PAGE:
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News > World

Noam Chomsky Rejects Erdogan's Invitation to Turkey

  • Turkish President Tayyip Erdogan attends the opening session of the World Climate Change Conference 2015.

    Turkish President Tayyip Erdogan attends the opening session of the World Climate Change Conference 2015. | Photo: Reuters

Published 15 January 2016

The internationally-renowned intellectual, writer and linguist declined Erdogan’s invitation which follows the arrest of 27 academics in Turkey.

Following the arrest by Turkish police of 27 academics Friday accused of promoting “terror propaganda” because they signed a petition calling for an end to Turkey’s “deliberate massacre and deportation of Kurdish people,” the country’s President Recep Tayyip Erdogan invited Noam Chomsky to Turkey to discuss his signing of the document.

The document was signed by 1,400 others including the internationally-renowned U.S. political analyst, intellectual and linguist Chomsky and Slovenian philosopher Slavoj Zizek.

Conservative Turkish President Recep Tayyip Erdogan strongly criticized the academics and those who signed the document, and said, in reference to the 27 or so academics, that those who chose not to do politics in parliament "should go dig trenches or go to the mountains," in a clear reference to the tactics and hideouts of the Kurdistan Worker's Party or PKK.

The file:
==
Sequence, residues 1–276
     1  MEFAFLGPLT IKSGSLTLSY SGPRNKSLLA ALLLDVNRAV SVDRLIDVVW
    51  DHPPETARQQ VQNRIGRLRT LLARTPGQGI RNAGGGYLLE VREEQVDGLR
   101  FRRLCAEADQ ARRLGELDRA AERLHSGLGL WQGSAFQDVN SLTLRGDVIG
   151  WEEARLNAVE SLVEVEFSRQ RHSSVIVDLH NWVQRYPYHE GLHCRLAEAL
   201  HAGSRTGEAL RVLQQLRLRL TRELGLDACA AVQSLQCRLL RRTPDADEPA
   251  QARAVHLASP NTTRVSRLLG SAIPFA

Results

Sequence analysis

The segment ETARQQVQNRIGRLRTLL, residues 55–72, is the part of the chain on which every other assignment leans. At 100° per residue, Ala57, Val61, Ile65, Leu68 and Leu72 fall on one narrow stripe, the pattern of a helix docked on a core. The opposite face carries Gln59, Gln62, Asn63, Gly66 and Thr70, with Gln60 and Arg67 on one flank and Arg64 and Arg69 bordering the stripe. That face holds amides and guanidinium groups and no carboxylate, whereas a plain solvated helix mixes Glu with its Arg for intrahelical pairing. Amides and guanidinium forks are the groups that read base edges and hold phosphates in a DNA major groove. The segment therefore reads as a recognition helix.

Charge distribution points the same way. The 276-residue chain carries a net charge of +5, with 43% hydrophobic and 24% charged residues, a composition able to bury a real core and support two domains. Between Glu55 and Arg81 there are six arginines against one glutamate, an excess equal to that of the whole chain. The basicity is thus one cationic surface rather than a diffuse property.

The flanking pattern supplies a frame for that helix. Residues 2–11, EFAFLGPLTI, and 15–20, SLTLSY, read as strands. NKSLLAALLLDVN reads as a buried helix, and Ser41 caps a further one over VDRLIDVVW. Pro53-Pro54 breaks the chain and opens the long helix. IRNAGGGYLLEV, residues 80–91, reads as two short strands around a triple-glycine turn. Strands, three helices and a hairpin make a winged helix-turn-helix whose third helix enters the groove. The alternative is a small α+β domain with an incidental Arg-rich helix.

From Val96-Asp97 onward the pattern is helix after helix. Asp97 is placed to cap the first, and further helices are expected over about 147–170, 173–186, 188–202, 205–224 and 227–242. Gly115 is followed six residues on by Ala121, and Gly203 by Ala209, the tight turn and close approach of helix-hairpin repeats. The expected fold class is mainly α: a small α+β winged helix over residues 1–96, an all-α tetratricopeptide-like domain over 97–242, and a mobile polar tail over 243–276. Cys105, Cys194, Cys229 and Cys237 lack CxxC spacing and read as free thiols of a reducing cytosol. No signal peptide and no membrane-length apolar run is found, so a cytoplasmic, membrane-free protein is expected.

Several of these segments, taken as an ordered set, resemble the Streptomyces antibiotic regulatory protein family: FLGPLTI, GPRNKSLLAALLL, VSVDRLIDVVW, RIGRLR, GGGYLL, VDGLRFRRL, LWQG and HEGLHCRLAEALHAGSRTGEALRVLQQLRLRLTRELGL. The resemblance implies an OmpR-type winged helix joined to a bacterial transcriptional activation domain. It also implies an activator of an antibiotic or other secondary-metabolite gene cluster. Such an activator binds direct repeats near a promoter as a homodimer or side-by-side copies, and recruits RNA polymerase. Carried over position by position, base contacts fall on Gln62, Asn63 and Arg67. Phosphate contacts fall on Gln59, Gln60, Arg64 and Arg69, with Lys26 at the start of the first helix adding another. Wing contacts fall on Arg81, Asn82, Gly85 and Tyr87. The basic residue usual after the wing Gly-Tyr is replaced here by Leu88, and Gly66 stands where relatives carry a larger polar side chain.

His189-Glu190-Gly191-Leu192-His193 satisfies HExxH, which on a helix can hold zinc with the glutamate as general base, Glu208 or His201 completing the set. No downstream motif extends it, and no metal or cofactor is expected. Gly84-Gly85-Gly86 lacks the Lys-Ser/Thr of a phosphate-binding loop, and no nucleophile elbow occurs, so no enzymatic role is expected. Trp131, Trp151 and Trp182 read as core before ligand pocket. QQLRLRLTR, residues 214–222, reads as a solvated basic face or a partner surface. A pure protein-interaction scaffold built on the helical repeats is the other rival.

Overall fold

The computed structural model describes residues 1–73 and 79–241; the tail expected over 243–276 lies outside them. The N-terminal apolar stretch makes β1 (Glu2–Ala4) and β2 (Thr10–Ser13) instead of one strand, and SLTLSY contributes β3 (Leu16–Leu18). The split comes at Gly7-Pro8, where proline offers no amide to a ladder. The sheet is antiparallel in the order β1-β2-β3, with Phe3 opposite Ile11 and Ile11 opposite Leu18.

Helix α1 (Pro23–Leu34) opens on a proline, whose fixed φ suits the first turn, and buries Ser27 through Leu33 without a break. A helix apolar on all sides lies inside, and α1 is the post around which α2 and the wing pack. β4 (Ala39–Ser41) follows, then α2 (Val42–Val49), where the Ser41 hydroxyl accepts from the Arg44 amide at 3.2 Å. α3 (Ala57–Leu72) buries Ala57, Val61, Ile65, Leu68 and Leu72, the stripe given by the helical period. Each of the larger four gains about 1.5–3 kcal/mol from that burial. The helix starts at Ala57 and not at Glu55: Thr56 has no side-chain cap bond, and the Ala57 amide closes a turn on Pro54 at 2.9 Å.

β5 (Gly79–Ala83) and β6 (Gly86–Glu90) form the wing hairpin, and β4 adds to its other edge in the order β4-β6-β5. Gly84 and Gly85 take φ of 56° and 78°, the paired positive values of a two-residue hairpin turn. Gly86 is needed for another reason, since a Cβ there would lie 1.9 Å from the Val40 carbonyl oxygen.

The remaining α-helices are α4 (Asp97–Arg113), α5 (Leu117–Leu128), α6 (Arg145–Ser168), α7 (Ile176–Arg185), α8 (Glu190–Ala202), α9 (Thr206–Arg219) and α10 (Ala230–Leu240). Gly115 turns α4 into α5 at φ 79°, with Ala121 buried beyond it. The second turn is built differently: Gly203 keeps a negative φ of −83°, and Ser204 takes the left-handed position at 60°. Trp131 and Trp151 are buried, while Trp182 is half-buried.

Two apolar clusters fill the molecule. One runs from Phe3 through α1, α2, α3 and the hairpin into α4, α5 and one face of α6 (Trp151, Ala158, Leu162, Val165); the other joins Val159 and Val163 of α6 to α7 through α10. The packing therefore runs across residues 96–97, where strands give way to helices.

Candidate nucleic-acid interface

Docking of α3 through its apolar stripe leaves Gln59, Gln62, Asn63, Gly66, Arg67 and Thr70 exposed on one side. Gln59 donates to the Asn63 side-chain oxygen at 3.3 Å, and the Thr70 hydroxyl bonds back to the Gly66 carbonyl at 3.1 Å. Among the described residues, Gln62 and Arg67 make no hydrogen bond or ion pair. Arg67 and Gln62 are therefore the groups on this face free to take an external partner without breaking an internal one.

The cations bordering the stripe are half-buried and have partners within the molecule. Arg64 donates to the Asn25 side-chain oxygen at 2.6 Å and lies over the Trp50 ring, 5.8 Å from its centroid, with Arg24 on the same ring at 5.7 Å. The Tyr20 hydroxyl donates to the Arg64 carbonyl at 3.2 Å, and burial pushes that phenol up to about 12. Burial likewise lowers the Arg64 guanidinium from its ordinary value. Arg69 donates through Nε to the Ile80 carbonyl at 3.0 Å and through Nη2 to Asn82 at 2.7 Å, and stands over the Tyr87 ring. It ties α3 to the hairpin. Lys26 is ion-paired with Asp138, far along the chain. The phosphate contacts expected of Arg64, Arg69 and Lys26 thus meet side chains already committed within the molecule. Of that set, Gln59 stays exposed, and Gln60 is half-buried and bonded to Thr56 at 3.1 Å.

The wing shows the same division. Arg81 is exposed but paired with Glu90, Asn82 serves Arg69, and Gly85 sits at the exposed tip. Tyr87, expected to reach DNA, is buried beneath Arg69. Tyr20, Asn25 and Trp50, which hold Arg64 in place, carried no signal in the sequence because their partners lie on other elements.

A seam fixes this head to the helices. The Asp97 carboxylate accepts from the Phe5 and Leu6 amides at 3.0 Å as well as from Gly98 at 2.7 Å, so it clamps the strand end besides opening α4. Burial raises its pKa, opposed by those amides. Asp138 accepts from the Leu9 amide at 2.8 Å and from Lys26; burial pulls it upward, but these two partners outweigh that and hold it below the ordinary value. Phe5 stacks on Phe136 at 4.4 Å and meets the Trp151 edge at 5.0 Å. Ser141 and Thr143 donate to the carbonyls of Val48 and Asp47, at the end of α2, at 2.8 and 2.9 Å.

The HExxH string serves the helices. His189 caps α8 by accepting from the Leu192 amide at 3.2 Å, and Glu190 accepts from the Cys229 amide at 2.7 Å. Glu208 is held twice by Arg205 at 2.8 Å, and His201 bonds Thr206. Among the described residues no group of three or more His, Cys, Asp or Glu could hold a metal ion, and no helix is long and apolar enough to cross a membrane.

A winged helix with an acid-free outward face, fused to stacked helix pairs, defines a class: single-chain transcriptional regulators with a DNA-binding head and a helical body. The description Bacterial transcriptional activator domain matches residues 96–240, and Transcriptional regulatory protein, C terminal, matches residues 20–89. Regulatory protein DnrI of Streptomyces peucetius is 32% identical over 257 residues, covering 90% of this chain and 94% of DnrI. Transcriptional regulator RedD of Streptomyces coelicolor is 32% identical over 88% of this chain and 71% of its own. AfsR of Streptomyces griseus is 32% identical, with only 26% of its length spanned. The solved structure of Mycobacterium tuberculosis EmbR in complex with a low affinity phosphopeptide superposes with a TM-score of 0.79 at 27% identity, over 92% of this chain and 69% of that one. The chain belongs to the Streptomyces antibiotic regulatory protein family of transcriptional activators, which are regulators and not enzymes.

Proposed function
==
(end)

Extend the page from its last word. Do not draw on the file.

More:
According to RT, after the arrests, Erdogan said, “Let our ambassador from the United States invite Chomsky, who has made statements about Turkey’s operations against the terrorist organization.”

​Chomsky responded via The Guardian: “If I decide to go to Turkey, it will not be on his invitation, but as frequently before at the invitation of the many courageous dissidents, including Kurds who have been under severe attack for many years.”

ANALYSIS: As They Walk Alone, Kurds Brace for a Better Future

Erdogan and the PKK signed a cease-fire agreement that fell through in July. Since then, tens of thousands of civilians of Kurdish ethnicity have been trapped in the middle of fighting between the warring parties in urban regions in southeast Turkey

Most of the arrests were carried out in the industrial province of Kocaeli in western Turkey close to Istanbul. The government has justified the arrests saying the academics are being investigated for insulting the state and engaging in terrorist propaganda.

Turkey’s opposition and the U.S. Embassy in Ankara criticized Erdogan government's decision to investigate the academics and search their homes.

Erdogan defended his government’s anti-Kurdish actions saying they use civilians as human shields and their homes as trenches from which to shoot at security forces.

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